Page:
The U.S. team's two-man bobsled has gotten a high-tech makeover just in time for the Winter Olympics in Sochi, using lessons from race car technology to pick up speed in a quest for its first gold medal since 1936.
German automaker BMW joined the U.S. Bobsled federation in 2012 in a project to redesign the sled's aerodynamics. The idea was to find a way to shave off a few seconds by making the sled zip down the track more efficiently, according to Michael Scully, BMW's creative director for global design.
"It's been a complete ground-up project," Scully told Discovery News. "You need to take every opportunity to get on the bobsled track because it's such a changeable environment. The sled is going through so many different positions as it goes down the track, it's almost impossible to simulate."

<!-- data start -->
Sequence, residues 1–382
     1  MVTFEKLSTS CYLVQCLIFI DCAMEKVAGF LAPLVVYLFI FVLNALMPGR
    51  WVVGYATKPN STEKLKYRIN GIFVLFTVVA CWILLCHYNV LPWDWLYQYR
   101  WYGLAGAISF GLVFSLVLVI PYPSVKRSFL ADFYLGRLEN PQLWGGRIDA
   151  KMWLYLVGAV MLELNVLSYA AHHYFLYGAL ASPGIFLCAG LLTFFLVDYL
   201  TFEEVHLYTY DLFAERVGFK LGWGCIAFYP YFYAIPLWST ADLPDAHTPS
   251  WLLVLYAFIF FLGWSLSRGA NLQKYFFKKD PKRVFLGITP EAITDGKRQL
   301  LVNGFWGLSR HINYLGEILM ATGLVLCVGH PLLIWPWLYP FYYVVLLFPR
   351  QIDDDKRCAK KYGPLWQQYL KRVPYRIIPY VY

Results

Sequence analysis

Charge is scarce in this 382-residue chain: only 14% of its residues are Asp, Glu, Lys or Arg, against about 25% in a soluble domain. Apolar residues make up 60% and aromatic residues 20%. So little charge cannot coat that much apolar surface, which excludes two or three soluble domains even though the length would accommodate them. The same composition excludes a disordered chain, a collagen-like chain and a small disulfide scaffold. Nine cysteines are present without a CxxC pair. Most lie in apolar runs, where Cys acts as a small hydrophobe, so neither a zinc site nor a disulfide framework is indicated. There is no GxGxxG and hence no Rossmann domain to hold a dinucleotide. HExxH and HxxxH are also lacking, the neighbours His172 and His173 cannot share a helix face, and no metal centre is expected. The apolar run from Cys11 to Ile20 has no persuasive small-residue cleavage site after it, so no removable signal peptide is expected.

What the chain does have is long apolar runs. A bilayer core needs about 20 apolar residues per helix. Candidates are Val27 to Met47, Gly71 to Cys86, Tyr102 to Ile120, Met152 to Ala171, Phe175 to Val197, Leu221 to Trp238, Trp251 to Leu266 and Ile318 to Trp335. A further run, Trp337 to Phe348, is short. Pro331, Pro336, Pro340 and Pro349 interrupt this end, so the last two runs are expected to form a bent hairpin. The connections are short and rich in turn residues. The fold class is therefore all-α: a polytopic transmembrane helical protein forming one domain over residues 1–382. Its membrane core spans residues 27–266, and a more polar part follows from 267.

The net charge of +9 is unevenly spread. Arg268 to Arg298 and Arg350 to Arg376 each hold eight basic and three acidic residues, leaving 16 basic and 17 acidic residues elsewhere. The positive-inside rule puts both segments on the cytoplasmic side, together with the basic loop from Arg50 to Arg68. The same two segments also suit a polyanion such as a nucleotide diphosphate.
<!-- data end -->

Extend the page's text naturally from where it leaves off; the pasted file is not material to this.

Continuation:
Even so, Scully said computer simulations using the science of fluid dynamics played a huge role in understanding the drag forces acting on the sled from both the surrounding air and icy track surface.
Bobsled tracks are nearly a mile long, and the sleds -- four-man and two-man -- can reach speeds above 90 miles per hour. Heavier sleds ride faster, and while international rules limit the maximum weight to 390 kg (859.8 lbs) when loaded, the distribution of the weight can make a big difference, according to Scully.
The team replaced the existing Kevlar and fiberglas body of the sled with a special carbon fiber cooked in an auto-clave to several hundred degrees. The heating reduced the mass of the carbon fiber, while making it stronger. This in turn allowed the design team to make the entire sled lighter, and reposition weight where it was most needed.
"Aerodynamically, the reduction of frontal area, the silhouette it cast on the wall, was a big change," he said. "Also from a physics standpoint, we were trying to centralize the mass and reduce overhangs so that when the sled changes direction, the mass doesn't resist it."
With a sleeker front profile, Scully also looked to make more room for the driver inside and introduced a new steering mechanism.